fat plain Greek yogurt  3 tablespoons buttermilk powder  1 teaspoon paprika  1/2 teaspoon garlic powder Directions: Preheat oven to 400F. Coat a baking dish with cooking spray. Heat 1 tbsp. oil in a large saucepan. Add diced onion and cook. Stir in mushrooms, onion powder, 1 tsp. salt, thyme and pepper. Cook. Sprinkle 1/3 cup flour over the vegetables. Add milk and sherry and bring to a simmer. Stir in green beans, sour cream or yogurt and buttermilk powder. Transfer to the prepared baking dish. Whisk together remaining flour, paprika, Adapted “Avoiding Adult Acne” garlic powder and salt in a dish. Add sliced onion. Heat the remaining oil in a large FALLING ASLEEP AT THE WHEEL skillet, medium heat. Add onion and flour mixture and cook, until golden and crispy. Ever have trouble remembering the last few turns you made? If so, you might want to Spread the onion topping over the pull over. Driving while drowsy is far more common, and dangerous, than you might casserole. think. In a recent poll, it was revealed that 60% of Americans reported driving during Makes 6 servings, 3/4 cups each. drowsiness in the previous year. And 37% confessed to actually nodding off. Yikes! Researchers suspect many motorists simply don't recognize the signs that they're too Nutrition per serving: 212 calories; 10 g fat; 7 g protein; 3 g fiber; 553 mg sodium drowsy to safely drive or just assume they can stay awake anyway. But research shows feeling sleepy is just as dangerous as being sleep deprived. Both are associated Adapted from:
with a dramatic increase in crash‐related critical injuries or death due to falling asleep green_bean_casserole.html_0 (Continued on page 3) Your Game Plan to Live (Your Gameplan to Live, continued from page 2) at the wheel. Drowsiness and driving leads to an eightfold increase in the risk of injury or death from falling asleep at the wheel. Sometimes you’re so tired that you can’t think straight enough to know just how dangerously tired you are (similar to when a drunk person can’t recognize how drunk they are). Here are some signs that you are so tired that you’re not capable of driving: 
Tired eyes 
Constant yawning 
Foggy brain 
Nodding head …these are the obvious ones. But here are a few other less obvious clues you’re at risk for falling asleep at the wheel: 
Frequent squinting and blinking 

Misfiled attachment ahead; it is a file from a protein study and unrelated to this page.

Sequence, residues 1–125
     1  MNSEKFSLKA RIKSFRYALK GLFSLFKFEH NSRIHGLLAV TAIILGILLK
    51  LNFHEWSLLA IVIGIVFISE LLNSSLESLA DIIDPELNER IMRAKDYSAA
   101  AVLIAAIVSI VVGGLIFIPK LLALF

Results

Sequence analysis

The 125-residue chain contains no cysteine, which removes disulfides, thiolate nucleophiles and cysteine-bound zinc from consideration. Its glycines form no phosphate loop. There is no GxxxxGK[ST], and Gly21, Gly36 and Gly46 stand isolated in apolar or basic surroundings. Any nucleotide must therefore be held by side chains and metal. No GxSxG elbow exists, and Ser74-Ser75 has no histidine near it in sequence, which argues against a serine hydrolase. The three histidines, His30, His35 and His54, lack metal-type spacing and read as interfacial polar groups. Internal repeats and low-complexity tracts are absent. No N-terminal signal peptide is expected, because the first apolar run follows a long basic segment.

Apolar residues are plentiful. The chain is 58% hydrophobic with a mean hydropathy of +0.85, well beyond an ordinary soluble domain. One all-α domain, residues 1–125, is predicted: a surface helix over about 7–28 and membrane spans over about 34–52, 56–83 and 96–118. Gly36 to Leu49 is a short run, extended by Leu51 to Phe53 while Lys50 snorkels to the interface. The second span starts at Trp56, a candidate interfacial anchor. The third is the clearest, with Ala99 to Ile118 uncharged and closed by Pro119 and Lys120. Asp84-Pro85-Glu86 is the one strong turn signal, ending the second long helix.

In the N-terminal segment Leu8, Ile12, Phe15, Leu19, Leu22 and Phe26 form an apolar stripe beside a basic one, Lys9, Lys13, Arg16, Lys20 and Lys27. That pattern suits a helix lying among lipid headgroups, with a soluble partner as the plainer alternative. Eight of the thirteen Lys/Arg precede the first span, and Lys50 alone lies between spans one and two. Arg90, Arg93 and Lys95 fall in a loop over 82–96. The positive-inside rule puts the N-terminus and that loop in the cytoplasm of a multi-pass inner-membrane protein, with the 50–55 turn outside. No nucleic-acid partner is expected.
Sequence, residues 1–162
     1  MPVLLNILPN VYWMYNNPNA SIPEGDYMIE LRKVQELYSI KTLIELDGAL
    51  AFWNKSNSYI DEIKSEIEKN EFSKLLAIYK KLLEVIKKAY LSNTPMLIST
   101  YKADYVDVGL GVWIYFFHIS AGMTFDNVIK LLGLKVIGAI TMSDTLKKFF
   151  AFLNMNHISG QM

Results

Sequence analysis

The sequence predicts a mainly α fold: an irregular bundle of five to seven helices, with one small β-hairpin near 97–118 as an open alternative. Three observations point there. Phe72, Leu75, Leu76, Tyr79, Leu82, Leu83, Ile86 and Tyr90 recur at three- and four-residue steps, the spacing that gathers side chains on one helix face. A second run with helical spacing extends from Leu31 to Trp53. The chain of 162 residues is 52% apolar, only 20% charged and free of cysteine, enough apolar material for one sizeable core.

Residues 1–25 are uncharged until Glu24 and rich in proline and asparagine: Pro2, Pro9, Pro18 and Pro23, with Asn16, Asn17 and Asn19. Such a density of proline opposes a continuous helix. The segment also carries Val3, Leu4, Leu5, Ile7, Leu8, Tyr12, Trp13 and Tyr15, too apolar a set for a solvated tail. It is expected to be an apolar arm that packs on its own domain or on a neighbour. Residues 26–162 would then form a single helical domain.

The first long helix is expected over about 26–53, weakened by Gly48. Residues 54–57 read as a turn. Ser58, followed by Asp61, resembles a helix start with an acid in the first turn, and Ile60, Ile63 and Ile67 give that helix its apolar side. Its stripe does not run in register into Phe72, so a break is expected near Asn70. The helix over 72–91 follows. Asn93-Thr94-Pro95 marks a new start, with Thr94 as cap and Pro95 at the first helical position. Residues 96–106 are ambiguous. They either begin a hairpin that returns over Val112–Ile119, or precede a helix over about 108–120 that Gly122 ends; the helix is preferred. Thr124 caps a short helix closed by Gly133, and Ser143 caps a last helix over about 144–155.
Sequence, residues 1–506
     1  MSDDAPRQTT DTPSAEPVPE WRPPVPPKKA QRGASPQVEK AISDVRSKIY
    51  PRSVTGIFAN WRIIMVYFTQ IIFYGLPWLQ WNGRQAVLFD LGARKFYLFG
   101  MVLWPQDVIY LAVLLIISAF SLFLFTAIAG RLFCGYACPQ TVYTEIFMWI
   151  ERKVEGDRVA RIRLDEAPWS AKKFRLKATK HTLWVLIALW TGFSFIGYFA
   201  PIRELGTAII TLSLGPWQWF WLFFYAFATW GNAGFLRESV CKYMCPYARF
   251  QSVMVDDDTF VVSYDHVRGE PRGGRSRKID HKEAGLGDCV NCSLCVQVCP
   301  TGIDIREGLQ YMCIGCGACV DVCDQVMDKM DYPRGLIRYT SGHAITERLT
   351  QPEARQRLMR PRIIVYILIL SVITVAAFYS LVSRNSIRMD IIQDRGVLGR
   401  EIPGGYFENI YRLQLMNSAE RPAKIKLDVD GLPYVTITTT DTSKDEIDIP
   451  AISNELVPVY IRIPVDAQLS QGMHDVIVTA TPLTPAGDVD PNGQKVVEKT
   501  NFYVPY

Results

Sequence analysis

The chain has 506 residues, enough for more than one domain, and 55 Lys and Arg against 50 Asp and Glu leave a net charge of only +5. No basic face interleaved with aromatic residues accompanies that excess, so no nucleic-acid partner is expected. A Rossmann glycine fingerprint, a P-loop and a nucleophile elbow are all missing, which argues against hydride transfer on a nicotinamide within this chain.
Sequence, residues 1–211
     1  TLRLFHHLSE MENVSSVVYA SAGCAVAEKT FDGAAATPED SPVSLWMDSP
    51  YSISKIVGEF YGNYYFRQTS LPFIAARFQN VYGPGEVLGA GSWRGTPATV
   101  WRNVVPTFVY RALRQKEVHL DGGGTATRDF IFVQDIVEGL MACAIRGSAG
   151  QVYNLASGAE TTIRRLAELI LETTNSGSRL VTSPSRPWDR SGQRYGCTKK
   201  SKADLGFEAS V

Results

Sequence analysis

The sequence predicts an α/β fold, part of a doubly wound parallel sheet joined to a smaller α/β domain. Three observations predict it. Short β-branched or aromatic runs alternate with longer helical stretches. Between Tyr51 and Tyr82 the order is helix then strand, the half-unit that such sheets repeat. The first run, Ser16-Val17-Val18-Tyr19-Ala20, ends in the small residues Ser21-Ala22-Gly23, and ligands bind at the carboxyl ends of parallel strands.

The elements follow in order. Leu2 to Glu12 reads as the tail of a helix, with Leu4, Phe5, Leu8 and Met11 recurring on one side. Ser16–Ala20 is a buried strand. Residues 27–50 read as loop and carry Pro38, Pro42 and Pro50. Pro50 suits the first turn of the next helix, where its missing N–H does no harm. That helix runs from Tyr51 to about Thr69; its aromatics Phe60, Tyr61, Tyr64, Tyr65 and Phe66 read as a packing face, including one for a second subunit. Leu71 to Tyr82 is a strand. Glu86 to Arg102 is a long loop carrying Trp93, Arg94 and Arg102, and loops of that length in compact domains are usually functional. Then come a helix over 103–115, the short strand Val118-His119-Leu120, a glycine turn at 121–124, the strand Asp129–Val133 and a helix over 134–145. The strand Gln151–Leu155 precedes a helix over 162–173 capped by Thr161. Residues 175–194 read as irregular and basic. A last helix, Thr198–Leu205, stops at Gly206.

Missed streets or exits 
Difficulty picturing previous turns or stretches of road If you ever experience any of these situations while driving, pull over, park, and nap in a safe place. Official statistics show that drowsy driving results in over 100,000 automobile wrecks every single year and those are clearly conservative numbers because fatigue often plays a major role in many accidents where it is not officially documented. Too many people are tempted to think that they know exactly when they are in danger of falling asleep and they can prevent it from happening. Unfortunately though, sleep just does not always work like this. If the hundreds of thousands of people who have died from falling asleep on the road could tell you, they would. Adapted from: “Drowsiness Linked to Falling Asleep at the Wheel”http://www.end‐your‐sleep‐‐of‐sleep‐deprivation.html#ixzz2kMyanYxE QUICK SYNOPSIS ON EATING HEALTHY To eat healthy, pick foods that are the colors of the rainbow, and watch your portion sizes. Eating foods that are colorful… red apples, orange carrots, yellow squash, green salad, tomatoes, blueberries and purple eggplant‐helps you add fruits and vegetables to your diet. The daily servings of other food groups recommend these portion sizes for adults: 5 to 8 ounces of grains, with whole grains comprising half that amount; 5 to 6 1/2 ounces of meat, poultry, fish, beans, eggs and nuts; 3 cups of milk, yogurt and cheese; 2 1/2 to 3 cups of vegetables; 1 1/2 to 2 cups of fruits; and fats, oils and sweets used sparingly. Discretionary calories such as sugars and alcohol can range from 195 to 360 a day, depending on your total calorie intake. (